"I will be very frank here – the State Security Department is rather skeptical (about electronic voting)," Jauniškis told a news conference at the parliament on Monday.
In the annual report of national security threats issued on Monday, the department and the Second Investigations Department under the Defense Ministry warned that Russia could attempt to influence Lithuania's presidential elections next year through cyber operations.
"We should make very serious investments in our IT technologies and security instruments. We can only talk about electronic voting after making sure they are fully protected against vulnerability," the Security Department's chief said in comment of electronic voting.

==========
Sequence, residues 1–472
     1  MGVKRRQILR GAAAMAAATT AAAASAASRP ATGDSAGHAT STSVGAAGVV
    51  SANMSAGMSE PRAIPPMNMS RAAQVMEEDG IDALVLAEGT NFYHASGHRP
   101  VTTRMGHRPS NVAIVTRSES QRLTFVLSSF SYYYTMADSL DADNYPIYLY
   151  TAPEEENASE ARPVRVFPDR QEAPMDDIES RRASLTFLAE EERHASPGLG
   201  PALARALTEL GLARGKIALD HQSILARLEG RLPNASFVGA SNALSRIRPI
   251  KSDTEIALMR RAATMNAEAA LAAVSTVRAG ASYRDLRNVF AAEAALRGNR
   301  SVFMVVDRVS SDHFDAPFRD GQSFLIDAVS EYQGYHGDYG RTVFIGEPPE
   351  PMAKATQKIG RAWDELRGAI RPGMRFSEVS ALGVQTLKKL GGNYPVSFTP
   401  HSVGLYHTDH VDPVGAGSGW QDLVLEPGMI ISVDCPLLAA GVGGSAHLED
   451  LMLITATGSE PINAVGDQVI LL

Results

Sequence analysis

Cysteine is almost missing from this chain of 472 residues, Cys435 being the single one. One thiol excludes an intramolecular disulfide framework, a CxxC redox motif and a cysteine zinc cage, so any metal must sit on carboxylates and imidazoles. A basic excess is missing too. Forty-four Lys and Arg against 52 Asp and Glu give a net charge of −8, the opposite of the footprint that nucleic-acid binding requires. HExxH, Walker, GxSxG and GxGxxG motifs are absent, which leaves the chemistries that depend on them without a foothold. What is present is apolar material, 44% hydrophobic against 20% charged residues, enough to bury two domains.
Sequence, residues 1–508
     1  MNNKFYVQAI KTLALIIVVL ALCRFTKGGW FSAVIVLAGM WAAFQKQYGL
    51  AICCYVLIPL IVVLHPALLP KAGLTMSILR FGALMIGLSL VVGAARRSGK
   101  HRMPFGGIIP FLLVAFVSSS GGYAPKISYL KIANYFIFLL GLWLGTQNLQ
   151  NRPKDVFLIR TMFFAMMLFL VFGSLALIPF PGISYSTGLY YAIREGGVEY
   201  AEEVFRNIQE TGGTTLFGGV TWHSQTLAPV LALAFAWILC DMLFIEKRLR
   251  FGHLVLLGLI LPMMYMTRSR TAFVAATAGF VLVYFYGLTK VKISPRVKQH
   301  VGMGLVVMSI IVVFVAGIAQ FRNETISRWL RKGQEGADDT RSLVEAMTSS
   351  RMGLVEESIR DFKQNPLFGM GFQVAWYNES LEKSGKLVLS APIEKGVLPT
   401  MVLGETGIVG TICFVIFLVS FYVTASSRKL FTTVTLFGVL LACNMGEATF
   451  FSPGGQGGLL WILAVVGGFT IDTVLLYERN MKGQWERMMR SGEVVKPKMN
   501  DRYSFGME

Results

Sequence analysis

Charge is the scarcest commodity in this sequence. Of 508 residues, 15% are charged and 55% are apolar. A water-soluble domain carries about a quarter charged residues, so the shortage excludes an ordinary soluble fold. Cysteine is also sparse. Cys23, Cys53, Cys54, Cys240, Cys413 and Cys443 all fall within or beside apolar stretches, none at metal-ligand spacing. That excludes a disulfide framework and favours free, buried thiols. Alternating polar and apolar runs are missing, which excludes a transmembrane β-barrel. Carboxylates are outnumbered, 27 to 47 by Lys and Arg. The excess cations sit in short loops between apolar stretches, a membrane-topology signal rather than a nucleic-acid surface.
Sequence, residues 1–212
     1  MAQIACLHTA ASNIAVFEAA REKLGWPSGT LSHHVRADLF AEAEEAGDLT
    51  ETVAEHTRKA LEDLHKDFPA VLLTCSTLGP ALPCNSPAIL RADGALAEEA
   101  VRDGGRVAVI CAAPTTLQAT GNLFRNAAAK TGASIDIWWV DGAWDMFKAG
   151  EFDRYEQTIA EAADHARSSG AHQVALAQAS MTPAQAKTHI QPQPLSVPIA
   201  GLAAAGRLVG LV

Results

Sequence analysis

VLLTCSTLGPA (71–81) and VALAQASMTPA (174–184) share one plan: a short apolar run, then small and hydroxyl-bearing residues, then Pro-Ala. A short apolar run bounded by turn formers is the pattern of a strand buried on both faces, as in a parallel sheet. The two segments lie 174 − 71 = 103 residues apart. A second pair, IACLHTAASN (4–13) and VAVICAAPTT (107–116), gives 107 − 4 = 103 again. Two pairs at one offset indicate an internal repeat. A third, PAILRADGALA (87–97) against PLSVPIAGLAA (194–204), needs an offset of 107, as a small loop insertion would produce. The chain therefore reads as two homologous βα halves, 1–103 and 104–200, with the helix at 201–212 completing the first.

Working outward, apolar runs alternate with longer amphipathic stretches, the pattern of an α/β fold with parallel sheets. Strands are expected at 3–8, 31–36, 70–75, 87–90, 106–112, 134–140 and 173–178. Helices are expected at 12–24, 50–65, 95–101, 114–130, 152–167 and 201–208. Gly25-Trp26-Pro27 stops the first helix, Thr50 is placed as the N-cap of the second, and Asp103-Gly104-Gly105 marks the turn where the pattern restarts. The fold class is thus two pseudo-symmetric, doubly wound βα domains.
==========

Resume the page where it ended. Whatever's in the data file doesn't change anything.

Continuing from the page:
Remigijus Baltrėnas, director of the Second Investigations Department, told the news conference: "Russia's cyber capabilities to make influence in the cyber space are indeed considerable."
According to the traditional report of threats, "Russian hackers will likely use cyber tools to influence the upcoming elections in Lithuania in 2019."
The report suggests that Russia's intelligence services have lately been "particularly interested in the upcoming Lithuanian presidential elections in 2019."
Introduction of electronic voting is stipulated in the government's program, with a bill already submitted to the parliament to give start to the development of the e-voting system.
Lithuania's citizens will elect the new president in May of 2019, with elections to local governments and the European Parliament also scheduled for that year.
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